Major League Baseball
Royals' failure to get clutch hits in Game 1 — aberration ... or omen?
Major League Baseball

Royals' failure to get clutch hits in Game 1 — aberration ... or omen?

Published Oct. 22, 2014 1:51 a.m. ET


History will remember Game 1 of the 2014 World Series for Madison Bumgarner's dominant performance and a lopsided 7-1 score. But Bumgarner was vulnerable early in the game, however briefly, and the Royals' failure to capitalize Tuesday night should give their fans reason to fret about the course of this Fall Classic.

As we know, the Royals' offensive identity hinges on an ability to make contact. They had the fewest strikeouts in the majors during the regular season. In two of their ALCS wins over Baltimore, all of their runs scored without the benefit of hits.

Helped by a Brandon Crawford error, the Royals put runners on second and third with none out against Bumgarner in the third inning on Tuesday. Paul Rudd, Eric Stonestreet and 40,000 of their closest friends at Kauffman Stadium had reason to expect the home team would tighten a 3-0 game, with plenty of baseball yet to play.


Instead, Alcides Escobar struck out. Then Nori Aoki struck out. And after a Lorenzo Cain walk, Eric Hosmer rolled a first-pitch groundball to second base. Inning over. No runs. "A killer," Royals left fielder Alex Gordon said later, and he was right. The Giants replied with two runs in the top of the next inning, and the Royals never again threatened to make it a game.

Curiously, the Escobar and Aoki strikeouts were Bumgarner's first two of the night. He had only three more over the remainder of his seven innings. So it wasn't as though the Royals were completely unable to put the ball in play against the Giants' ace. They simply couldn't do it in the sort of circumstance in which they've been thriving for weeks — and at a moment when they could have changed the game's direction.

In this small-sample-size time of year, we're left to wonder: Was this an aberration against the preeminent postseason ace of this generation, before the Royals return to the productive form we witnessed during the historic 8-0 run through the American League playoffs? Or did the five-day layoff leave the Royals in an offensive malaise from which they'll have difficulty recovering in time to prevent the Giants' coronation?

The quality of the Royals' at-bats in Game 2 should provide the answer, but recent history suggests Kansas City already has reached a desperate moment in this series: It's well known the Giants have won all eight of their postseason series under Bruce Bochy, their Hall of Fame-bound manager. But their efficiency in dispatching opponents after winning Game 1 is particularly noteworthy.

Including Tuesday's result, the Giants have taken 1-0 leads in seven of the nine series they've played under Bochy. In the previous six instances, they never once faced elimination. The best-of-seven series concluded in six, five, four and five games, respectively; the two division series ended in four.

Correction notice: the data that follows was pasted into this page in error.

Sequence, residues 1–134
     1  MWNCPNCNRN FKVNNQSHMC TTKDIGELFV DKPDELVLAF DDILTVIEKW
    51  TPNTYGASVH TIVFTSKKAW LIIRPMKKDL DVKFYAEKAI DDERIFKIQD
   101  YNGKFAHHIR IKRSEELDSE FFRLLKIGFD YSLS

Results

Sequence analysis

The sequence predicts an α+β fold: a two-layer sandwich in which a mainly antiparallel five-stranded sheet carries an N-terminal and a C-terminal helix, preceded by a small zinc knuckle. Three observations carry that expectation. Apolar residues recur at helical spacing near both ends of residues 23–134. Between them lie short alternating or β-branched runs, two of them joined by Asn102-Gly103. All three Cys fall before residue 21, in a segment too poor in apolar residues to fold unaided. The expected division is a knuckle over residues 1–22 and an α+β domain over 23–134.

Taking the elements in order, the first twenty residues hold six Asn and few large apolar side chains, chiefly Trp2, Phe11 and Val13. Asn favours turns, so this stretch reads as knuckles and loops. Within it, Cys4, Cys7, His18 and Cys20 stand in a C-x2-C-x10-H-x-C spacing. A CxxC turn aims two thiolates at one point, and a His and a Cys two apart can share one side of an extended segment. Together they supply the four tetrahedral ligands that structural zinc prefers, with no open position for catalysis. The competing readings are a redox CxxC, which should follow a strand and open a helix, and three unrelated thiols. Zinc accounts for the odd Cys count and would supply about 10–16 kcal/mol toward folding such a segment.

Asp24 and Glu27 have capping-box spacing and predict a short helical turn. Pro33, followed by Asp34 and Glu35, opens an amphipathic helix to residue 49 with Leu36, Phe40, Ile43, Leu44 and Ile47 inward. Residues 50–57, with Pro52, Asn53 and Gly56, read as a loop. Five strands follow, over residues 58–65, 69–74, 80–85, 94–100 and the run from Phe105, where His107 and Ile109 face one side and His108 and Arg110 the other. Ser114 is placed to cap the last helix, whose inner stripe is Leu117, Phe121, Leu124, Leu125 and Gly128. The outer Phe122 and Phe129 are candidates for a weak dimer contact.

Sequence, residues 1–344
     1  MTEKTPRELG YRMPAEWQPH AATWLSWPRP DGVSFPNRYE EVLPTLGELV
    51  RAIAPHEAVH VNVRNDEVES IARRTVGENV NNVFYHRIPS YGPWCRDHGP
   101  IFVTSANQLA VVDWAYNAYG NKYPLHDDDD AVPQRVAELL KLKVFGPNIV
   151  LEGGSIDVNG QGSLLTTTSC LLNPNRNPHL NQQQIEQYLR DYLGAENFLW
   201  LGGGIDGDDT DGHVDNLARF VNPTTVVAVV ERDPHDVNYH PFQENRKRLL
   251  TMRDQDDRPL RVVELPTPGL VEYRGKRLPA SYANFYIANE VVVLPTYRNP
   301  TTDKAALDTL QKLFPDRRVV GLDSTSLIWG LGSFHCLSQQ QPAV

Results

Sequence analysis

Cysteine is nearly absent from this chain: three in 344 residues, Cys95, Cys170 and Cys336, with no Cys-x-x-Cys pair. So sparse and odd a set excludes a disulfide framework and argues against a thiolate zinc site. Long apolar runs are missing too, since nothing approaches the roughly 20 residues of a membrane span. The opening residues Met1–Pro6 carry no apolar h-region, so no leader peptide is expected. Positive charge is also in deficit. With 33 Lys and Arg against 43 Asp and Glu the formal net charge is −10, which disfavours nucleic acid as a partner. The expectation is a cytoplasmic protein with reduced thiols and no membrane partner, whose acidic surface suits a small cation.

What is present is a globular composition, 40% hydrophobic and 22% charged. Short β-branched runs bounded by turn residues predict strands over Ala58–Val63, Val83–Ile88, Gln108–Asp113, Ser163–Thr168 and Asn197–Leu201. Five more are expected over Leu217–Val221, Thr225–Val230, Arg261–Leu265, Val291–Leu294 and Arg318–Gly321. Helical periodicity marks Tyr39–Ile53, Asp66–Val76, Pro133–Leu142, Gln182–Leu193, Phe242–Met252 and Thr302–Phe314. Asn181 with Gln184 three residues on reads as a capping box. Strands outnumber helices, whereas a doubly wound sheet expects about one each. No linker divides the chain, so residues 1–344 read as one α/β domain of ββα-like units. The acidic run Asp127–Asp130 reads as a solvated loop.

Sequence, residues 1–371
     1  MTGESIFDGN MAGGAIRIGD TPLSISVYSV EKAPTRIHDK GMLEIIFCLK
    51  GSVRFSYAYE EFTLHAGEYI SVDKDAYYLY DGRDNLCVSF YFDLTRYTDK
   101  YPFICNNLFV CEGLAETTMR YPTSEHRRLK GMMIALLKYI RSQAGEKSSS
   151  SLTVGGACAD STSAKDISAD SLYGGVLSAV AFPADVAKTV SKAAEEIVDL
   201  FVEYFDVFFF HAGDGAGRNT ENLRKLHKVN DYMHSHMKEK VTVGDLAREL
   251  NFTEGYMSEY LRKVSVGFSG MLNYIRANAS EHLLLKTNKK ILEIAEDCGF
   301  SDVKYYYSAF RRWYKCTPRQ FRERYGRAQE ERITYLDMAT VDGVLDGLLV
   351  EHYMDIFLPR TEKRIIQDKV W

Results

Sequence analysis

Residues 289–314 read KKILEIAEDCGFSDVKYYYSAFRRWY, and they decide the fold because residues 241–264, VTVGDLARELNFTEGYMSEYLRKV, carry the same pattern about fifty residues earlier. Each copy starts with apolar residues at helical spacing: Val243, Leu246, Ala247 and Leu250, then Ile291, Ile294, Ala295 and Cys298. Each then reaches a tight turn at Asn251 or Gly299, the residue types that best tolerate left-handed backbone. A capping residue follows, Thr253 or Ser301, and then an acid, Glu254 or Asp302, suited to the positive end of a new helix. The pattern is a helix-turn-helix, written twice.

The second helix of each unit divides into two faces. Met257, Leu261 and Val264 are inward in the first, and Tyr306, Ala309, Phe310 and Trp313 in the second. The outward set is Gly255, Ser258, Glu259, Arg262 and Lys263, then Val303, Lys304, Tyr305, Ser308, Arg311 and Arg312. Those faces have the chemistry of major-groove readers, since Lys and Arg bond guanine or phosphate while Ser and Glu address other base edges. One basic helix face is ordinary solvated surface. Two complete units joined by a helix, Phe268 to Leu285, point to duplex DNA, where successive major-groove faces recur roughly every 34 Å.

Apparently, even a 1-0 lead suggests the Giants are in firm control of this World Series. No matter what happens in Game 2, they will board a westbound charter flight with the chance to spray champagne at AT&T Park.

The Royals’ loss in Game 1 heightened the pressure on Game 2 starter Yordano Ventura. The way they lost increased it exponentially.

Because James Shields recorded only nine outs, Kansas City manager Ned Yost needed long reliever Danny Duffy to remain on the mound for three innings Tuesday night. That almost certainly rules out Duffy to work in Game 2, at a time when the worry over Ventura’s shoulder (or his workload, at the very least) hasn’t dissipated entirely.

Ventura’s most recent start — Game 2 of the ALCS against Baltimore — was curtailed by shoulder tightness in the sixth inning. Recently, he’s said that he feels fine. But there’s no way to know if the fatigue he experienced in Baltimore is going to resurface, particularly when he’s thrown 196 innings this year (regular season and postseason). That’s a substantial increase over the 150 he logged (combined minors and majors) in 2013.

Bochy is expected to send six left-handed hitters to the plate against Ventura, just as he did with Shields in Game 1. And if Ventura encounters similar trouble early in the game, Yost won’t have Duffy to begin the rescue effort.

Rookie left-hander Brandon Finnegan is a good bet to be the first man in, but it will be a discouraging sign for the Royals if he’s needed any time before the sixth inning.

OK, a little good news for the Royals: Sal Perez’s seventh-inning home run off Bumgarner, however irrelevant to the final score, was a welcome sight. Until that moment, Perez was 4 for 36 in the postseason with zero extra-base hits.

Perez’s workload during the regular season likely is one major reason for his sluggish bat. Perez led the majors in innings caught and games started behind the plate. So perhaps the five-day layoff before the World Series was exactly what he needed.

The Royals trailed after only the 12th pitch of the World Series — Pablo Sandoval’s RBI double to right — after an ALCS in which they didn’t play from behind until the 21st inning, the early stages of Game 3.


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